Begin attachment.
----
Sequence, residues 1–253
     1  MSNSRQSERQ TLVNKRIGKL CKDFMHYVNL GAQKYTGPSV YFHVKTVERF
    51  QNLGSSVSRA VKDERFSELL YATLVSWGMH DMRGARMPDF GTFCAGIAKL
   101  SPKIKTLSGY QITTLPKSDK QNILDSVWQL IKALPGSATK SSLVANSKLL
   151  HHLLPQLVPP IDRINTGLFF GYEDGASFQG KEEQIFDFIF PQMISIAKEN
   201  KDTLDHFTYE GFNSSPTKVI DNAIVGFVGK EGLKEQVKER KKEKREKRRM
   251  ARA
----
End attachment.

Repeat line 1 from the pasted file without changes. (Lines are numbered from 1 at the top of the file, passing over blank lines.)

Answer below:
Sequence, residues 1–253